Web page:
Home Tour: Max Humphrey's Modern Americana Abode


If you’re a fan of design, chances are you’re already familiar with musician turned interior designer Max Humphrey. Known for crafting laid-back interiors that are anything but boring, we’ve always admired his knack for mixing patterns and eras with ease. From building a café in an Airstream trailer to this Raleigh Hills remodel, it’s clear to see why he has been receiving some much-deserved recognition these days. Curious to see how he styled his own home, we caught up with Max for a quick Q&A. Below, we discuss everything from his favorite pattern to tips on putting up an art wall on the fly.

 

 

What was the design inspiration behind your home?

I wanted to live in a cabin, but I’m not in a position to do that right now. I thought, “How do I make a suburban ranch house into a cabin without going full log cabin?”

 

 

Is there a difference in designing for yourself versus a client?

Clients often hire me to plan everything out before they move in, so there’s a big install reveal. When you’re designing for yourself, you can’t just do everything at once. 

 

Is it true you DIY’d pretty much your entire home using YouTube videos for reference?

Yes, and I would go to Home Depot every other day and ask for help figuring stuff out. 

 

 

You find a lot of one-of-a-kind vintage pieces. How do you know something works?

Some people see something when they’re shopping and need to walk around the store while they decide. I don’t.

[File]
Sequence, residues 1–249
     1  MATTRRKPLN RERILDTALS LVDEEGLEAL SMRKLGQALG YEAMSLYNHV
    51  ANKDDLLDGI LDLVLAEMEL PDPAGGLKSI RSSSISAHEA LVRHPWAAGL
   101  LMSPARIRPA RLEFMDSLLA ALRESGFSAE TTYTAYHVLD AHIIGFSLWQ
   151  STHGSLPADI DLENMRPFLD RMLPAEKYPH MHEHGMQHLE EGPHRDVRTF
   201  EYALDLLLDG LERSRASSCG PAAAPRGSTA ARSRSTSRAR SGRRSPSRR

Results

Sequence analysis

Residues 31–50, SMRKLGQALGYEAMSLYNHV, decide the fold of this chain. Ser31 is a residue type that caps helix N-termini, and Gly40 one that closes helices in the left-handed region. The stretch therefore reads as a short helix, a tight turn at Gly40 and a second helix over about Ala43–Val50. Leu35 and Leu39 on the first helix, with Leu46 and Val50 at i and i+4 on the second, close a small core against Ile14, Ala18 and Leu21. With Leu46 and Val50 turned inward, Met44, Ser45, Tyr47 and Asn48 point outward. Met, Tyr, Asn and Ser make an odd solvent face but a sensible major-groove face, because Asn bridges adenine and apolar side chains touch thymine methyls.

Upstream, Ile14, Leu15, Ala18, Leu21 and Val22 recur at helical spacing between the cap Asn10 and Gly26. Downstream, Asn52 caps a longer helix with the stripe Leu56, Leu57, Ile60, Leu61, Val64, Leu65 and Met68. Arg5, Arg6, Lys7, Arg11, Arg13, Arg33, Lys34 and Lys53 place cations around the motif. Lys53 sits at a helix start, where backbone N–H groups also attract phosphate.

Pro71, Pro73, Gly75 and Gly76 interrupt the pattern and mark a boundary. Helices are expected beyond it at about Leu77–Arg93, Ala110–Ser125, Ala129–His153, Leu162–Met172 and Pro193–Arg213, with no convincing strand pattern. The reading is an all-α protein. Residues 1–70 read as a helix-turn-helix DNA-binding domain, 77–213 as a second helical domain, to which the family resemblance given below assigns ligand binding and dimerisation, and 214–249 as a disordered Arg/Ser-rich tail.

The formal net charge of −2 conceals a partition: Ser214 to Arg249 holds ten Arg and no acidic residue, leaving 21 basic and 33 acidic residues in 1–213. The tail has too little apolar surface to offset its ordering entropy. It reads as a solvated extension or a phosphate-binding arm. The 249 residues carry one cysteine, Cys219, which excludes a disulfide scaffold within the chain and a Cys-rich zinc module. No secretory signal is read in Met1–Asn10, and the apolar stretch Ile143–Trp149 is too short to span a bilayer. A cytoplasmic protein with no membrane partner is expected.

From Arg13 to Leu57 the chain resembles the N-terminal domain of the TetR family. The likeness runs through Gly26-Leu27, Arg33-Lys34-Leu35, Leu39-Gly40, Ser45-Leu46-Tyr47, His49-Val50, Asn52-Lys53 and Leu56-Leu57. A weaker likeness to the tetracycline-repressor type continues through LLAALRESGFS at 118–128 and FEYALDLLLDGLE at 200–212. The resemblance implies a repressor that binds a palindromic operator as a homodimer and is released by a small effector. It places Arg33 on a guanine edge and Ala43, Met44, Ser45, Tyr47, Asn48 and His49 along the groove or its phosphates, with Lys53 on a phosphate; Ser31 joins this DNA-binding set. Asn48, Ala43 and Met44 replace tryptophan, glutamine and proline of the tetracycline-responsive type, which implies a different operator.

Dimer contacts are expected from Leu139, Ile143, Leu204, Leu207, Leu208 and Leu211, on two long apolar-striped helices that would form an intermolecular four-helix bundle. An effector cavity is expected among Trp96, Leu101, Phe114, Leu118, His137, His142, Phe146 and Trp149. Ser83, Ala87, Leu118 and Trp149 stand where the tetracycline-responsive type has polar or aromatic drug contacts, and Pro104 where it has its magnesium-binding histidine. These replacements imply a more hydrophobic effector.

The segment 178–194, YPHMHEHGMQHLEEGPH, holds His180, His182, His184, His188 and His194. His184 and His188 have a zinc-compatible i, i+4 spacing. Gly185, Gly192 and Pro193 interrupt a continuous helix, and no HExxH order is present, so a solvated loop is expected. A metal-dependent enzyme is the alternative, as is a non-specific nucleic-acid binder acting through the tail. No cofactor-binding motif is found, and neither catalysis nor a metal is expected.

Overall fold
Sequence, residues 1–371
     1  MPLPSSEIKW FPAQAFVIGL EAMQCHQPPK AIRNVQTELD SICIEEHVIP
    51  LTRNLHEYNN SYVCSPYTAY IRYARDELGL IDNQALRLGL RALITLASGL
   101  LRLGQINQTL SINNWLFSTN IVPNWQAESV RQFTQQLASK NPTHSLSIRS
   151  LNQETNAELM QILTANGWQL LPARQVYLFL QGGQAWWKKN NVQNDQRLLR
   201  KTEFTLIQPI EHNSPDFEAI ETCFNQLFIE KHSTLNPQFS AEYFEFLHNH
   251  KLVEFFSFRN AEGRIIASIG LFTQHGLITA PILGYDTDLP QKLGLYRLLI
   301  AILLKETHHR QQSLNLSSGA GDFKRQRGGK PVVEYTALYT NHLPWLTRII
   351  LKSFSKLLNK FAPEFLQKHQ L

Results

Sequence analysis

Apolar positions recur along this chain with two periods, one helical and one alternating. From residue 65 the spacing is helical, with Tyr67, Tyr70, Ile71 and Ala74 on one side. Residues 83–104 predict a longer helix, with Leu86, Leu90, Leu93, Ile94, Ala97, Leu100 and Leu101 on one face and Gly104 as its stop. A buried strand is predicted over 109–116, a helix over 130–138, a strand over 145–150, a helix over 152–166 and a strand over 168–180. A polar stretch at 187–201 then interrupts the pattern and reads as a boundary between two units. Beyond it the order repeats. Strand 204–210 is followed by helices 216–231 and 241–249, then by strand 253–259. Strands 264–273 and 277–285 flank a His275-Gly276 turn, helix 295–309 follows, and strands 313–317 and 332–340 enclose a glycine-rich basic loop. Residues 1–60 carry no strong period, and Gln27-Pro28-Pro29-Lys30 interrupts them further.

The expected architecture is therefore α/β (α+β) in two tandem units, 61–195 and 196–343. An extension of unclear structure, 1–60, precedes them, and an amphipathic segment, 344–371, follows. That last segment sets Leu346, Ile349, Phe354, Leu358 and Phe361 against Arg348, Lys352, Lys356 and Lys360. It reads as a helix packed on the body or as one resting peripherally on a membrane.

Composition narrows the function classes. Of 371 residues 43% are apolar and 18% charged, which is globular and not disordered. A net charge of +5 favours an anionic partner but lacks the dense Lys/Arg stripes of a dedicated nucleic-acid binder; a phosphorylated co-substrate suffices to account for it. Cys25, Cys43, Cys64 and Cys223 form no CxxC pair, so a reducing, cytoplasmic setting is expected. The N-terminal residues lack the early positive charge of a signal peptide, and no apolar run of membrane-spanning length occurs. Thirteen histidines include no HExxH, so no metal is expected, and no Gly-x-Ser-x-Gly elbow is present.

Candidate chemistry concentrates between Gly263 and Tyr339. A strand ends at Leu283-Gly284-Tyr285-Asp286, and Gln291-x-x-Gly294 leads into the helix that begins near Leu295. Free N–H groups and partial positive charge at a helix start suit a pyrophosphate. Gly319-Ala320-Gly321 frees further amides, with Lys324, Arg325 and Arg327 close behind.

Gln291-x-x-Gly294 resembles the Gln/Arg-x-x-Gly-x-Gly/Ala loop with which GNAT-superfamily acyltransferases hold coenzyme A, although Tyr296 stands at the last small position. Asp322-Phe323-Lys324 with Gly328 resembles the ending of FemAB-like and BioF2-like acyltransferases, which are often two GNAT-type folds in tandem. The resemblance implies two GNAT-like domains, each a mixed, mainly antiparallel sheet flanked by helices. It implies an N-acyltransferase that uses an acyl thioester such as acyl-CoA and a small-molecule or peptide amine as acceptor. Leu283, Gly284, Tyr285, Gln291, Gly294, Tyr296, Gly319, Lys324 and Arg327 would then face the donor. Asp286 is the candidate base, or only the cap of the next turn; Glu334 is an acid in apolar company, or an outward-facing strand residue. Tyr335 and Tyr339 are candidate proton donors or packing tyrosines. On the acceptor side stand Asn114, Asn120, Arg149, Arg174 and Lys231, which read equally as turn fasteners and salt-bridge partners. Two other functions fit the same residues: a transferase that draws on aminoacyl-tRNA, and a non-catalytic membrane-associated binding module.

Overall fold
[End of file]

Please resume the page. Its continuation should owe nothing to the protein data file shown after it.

I instantly know if I like it or not. I don’t have that filter of maybe.

 

When designing a space, how do you balance function and form?

It’s less about form and function and more about how the room is going to be used. I have clients ask for expensive extension dining tables all the time because they think they’re going to be hosting dinner parties every night, which is never true. Nobody has dinner parties. 

 

 

Do you have a favorite pattern?

Gingham, plaid, and buffalo check. 

 

Is it true you’re not a fan of symmetry?

Symmetry freaks me out. Too much perfection gives me anxiety. The secret to a well-designed room is having something slightly off about it. 

 

 

What is your approach to buying art?

Art is something I like to buy online, but you can’t search for what you’re looking for specifically, you have to go down the Etsy wormhole.

 

Could you share your top tip for putting up a gallery wall?

Don’t tape it out. Don’t measure. Don’t overthink it. Just start. And if you get it wrong, take the nail out and put it somewhere else. It’s just a nail hole. Get over it.

Okay, actual tip – you need things that are different in scale and shape. You need a variety. Also, keep the distance between things semi-consistent.

 

 

What would your alternate universe career be?

I’m unemployable. I’d probably be on an episode of Hoarders refusing to give up any of my vintage junk.

 

I heard you're coming out with a book this Spring. Could you give us a quick synopsis?

I have a book coming out in April called "Modern Americana," which is an overview of my interiors and styling work organized by design element. It includes personal anecdotes and DIY tips, so there are pages on bandanas, camp cots, gingham, old maps, Pendleton, vintage signs, and everything in between.  

  

 

Finally, do you have a design philosophy you live by?

Mary Randolph Carter’s book title sums it up, "Never Stop to Think... Do I Have a Place for This."

 

Basically, if you like it, make room for it.

  

And maybe keep a 30-foot storage unit on the lawn for all the things that you keep.

 

 

Shop the Space

 

Photography by Christopher Dibble